Thoracic Outlet Syndrome (TOS) is not a life-threatening disease, but if it is left untreated, it can surely cause certain chronic complications.
What is Thoracic Outlet Syndrome?
Thoracic outlet syndrome is not a single disease but a group of disorders that happen when nerves or blood vessels in the area between collarbone and the first rib (thoracic outlet) are compressed. Repetitive injuries, physical trauma, and anatomical disorders can cause this disease to develop.
There are numerous types, including:
- Neurological (Neurogenic) Thoracic Outlet Syndrome: This is the most common type of thoracic outlet syndrome. It is characterized by compression of your brachial plexus, a network of nerves that control muscle movements and sensation in the arm, shoulder and hand
- Nonspecific-type thoracic outlet syndrome. Hose with nonspecific-type thoracic outlet syndrome suffer from chronic pain in the thoracic outlet area which worsens with physical activity. However, a specific cause of the pain cannot be determined.
- Vascular thoracic outlet syndrome. In this type, the thoracic outlet syndrome happens when one or more of the arteries (arterial thoracic outlet syndrome) or veins (venous thoracic outlet syndrome) or under the collarbone (clavicle) are compressed.
What are the Symptoms of Thoracic Outlet Syndrome?
The symptoms of TOS are not the same for everyone. Depending on which nerve or artery is compressed, the symptoms vary. Symptoms include:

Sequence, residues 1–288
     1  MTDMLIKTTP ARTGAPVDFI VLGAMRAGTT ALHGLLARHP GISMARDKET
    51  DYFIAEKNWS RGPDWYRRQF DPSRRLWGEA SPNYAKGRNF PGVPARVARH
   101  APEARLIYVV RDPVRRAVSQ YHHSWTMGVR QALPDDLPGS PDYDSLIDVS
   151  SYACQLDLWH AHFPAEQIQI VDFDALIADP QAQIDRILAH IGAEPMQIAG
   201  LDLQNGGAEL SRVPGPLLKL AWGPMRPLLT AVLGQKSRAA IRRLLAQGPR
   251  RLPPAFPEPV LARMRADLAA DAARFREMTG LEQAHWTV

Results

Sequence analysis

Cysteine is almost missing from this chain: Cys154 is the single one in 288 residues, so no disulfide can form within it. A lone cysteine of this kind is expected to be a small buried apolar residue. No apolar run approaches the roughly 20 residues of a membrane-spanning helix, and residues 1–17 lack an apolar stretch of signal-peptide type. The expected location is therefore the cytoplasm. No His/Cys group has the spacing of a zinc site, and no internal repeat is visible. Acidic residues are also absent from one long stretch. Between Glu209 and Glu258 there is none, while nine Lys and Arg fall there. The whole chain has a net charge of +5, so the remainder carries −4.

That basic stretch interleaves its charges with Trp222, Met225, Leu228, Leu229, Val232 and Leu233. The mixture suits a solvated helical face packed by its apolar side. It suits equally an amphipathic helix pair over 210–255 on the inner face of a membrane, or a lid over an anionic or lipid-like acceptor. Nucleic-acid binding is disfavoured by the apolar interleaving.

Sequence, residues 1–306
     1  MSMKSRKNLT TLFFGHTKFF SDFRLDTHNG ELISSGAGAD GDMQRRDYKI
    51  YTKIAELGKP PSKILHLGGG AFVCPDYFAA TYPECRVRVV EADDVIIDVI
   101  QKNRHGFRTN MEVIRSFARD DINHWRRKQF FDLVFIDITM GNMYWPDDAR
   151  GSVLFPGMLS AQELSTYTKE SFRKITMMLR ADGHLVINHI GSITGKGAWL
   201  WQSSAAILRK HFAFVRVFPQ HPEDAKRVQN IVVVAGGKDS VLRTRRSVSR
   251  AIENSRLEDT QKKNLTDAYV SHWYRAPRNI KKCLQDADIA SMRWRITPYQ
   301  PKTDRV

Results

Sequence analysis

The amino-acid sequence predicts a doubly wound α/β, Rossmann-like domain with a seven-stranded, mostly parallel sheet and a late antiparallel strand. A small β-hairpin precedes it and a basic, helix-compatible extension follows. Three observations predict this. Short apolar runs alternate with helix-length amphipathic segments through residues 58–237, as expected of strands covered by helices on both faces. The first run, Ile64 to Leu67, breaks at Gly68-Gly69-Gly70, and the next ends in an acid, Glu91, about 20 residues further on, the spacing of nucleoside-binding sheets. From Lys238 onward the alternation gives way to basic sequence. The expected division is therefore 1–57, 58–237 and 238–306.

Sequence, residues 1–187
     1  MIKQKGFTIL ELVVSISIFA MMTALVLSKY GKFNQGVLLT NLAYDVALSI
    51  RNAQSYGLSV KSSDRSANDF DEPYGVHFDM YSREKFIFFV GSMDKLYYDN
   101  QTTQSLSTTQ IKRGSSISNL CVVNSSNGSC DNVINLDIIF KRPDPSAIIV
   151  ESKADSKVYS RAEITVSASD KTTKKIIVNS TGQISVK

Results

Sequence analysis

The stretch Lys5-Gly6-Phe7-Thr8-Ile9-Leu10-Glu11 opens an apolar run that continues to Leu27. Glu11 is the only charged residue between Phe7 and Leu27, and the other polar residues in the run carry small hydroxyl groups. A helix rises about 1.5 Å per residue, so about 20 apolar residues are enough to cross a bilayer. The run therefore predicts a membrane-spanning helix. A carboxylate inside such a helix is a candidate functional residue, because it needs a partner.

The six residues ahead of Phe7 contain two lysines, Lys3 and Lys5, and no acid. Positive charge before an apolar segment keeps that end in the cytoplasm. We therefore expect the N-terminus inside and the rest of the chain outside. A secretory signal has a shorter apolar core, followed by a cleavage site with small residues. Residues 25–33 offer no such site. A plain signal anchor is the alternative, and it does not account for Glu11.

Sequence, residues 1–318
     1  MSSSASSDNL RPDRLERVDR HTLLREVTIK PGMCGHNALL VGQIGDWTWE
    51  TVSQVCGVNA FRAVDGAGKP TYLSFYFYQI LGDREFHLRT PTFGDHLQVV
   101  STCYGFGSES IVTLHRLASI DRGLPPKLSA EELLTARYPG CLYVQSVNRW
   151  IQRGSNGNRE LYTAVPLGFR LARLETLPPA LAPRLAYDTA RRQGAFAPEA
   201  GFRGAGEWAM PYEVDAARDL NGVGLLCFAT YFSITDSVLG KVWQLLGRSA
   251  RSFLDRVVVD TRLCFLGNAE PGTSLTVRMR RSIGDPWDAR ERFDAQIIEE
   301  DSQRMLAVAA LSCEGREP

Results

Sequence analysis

When nerves are compressed, the symptoms of neurological thoracic outlet syndrome include:
- Aches or pain in your hand, neck or shoulder
- Gilliatt-Sumner hand (muscle wasting in the fleshy base of the thumb)
- Weakening grip
- Tingling or numbness in your arm or fingers
- Symptoms of vascular thoracic outlet syndrome may include:
- Arm pain and swelling, potentially owing to blood clots
- Discoloration (bluish color)of the hand
- pallor (lack of color) in one or more of the fingers or your entire hand
- Blood clot in the arteries or veins in the upper area of the body
- Weak or no pulse in the affected arm
- Cold arms, hands or fingers
- Arm fatigue due to activity
- Tingling or numbness in the fingers
- Throbbing lump near your collarbone
- Weakness of neck or arm
When Should You See a Doctor?
If you experience any symptoms mentioned above, you must visit a doctor right away.
Request an appointment at Apollo Hospitals.
What are the Risk Factors and Causes of Thoracic Outlet Disease?
More than men, women are likely to be affected by this disease. If you are a lady between 20 and 40 years, there are high chances of developing thoracic outlet disease. The most serious complication of the disease is progressive nerve damage. It happens when a person suffering from TOS leaves the condition untreated for a long time.
- Anatomical defects: Congenital defects or inherited defects present at birth may have an extra rib located above the cervical rib (first rib) or an abnormally tight fibrous band connecting the spine to your rib.
- Poor posture
- Repetitive activity: If you are in a job that requires you to repeat a movement continuously like working on an assembly line, or typing on a computer system, or lifting things above the head, or if you are a swimmer or a baseball pitcher.